When you see brown spots on otherwise healthy green leaves, you may be witnessing a plant’s immune response as it tries to keep a bacterial infection from spreading. Some plants are more resistant to such infections than others. To explore why, Salk scientists Joanne Chory and co–first authors Marco Bürger and Björn Willige studied a plant protein called SOBER1, which had previously been probed in relation to infection, and discovered that, counterintuitively, SOBER1 rendered plants less resistant to infection. The work, which appeared in Nature Communications on December 29, 2017, sheds light on plant resistance generally and could lead to strategies to boost plants’ natural immunity or to better contain infections that threaten to destroy an entire agricultural crop.
- Taking on the Big FiveCancer is not like other diseases. Most conditions have external causes—bacteria, viruses, injury—but cancer comes from inside us. Cells go rogue, divide recklessly, invade other tissues and spread throughout the body. They do things normal cells cannot do.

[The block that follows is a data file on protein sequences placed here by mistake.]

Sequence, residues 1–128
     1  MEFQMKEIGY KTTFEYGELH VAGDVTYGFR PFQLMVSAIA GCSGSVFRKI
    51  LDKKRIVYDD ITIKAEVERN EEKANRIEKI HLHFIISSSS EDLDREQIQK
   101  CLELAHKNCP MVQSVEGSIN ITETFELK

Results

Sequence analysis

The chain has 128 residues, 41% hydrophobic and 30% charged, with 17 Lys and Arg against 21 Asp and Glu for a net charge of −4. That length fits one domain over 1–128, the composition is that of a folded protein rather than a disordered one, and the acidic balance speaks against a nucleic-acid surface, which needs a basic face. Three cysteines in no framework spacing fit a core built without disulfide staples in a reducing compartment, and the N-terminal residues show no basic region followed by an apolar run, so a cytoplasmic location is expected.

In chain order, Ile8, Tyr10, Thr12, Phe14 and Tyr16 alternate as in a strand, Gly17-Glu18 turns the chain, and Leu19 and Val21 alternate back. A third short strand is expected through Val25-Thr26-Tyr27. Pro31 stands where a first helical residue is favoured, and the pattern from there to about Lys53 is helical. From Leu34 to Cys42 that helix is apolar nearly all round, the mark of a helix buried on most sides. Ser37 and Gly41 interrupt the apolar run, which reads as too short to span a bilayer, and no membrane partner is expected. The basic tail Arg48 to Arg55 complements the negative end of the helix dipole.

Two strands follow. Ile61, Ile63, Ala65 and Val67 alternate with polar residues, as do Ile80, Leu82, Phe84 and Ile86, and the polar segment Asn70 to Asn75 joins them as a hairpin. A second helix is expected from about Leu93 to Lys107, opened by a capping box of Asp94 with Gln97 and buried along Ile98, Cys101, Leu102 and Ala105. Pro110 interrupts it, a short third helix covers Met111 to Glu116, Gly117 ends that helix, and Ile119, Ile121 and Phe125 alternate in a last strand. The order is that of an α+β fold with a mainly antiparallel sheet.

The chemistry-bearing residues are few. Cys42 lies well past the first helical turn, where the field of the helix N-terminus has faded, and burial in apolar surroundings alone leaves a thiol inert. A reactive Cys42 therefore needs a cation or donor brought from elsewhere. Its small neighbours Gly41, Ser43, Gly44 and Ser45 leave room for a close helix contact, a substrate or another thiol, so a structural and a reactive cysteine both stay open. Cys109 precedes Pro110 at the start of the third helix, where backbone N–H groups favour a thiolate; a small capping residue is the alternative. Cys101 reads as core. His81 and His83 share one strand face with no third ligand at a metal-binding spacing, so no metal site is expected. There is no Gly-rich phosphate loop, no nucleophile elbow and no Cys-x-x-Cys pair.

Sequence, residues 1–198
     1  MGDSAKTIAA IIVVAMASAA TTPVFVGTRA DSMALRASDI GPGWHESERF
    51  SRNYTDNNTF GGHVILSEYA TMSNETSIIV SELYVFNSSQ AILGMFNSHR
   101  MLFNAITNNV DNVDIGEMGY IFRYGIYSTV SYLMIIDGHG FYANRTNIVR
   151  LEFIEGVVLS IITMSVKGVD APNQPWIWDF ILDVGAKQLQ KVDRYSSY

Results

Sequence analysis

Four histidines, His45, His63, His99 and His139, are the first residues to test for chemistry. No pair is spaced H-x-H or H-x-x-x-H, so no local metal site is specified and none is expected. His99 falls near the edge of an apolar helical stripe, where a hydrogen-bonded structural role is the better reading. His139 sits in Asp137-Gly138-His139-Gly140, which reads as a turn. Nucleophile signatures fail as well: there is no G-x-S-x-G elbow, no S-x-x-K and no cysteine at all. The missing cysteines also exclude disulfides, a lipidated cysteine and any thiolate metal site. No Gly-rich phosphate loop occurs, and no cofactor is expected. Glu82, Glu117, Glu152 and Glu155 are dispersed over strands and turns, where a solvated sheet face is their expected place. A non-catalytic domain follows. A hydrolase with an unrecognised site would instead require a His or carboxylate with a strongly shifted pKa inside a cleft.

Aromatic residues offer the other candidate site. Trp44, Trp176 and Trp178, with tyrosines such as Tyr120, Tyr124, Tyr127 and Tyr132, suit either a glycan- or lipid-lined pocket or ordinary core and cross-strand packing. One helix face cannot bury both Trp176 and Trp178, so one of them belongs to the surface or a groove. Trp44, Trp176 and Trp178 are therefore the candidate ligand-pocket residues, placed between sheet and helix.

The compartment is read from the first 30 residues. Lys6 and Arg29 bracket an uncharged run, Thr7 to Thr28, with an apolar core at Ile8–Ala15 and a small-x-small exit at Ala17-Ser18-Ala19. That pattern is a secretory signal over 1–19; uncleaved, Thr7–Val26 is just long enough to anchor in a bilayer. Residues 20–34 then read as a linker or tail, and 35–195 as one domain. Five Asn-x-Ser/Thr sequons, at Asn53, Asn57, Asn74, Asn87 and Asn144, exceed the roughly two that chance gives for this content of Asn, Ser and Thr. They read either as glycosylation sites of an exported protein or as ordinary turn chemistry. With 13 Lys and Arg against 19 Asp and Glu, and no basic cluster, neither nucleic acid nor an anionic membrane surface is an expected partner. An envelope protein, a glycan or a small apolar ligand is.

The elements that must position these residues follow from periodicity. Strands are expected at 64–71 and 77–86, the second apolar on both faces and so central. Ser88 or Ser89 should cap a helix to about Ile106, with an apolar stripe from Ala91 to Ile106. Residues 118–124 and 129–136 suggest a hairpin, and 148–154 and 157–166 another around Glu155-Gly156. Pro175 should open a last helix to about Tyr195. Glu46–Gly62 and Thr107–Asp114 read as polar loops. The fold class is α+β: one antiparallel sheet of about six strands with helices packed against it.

- Dan Lewis – Intense ConnectionFew trustees have had a connection as intensely personal as new Board Chair Dan Lewis, who knows firsthand that cures, indeed, begin with Salk. Thanks to the research of Salk Professor Tony Hunter, the drug Gleevec was born. And thanks to Gleevec, Lewis survived leukemia.
- Jared SmithNeuroscientist and self-described history geek Jared Smith wants to boldly go where no one has gone before. “If this were the 1400s,” asks Smith, “and we were Europeans exploring the world, where is the new world?” For Smith and colleagues in Xin Jin’s lab, the answer is simple: the brain.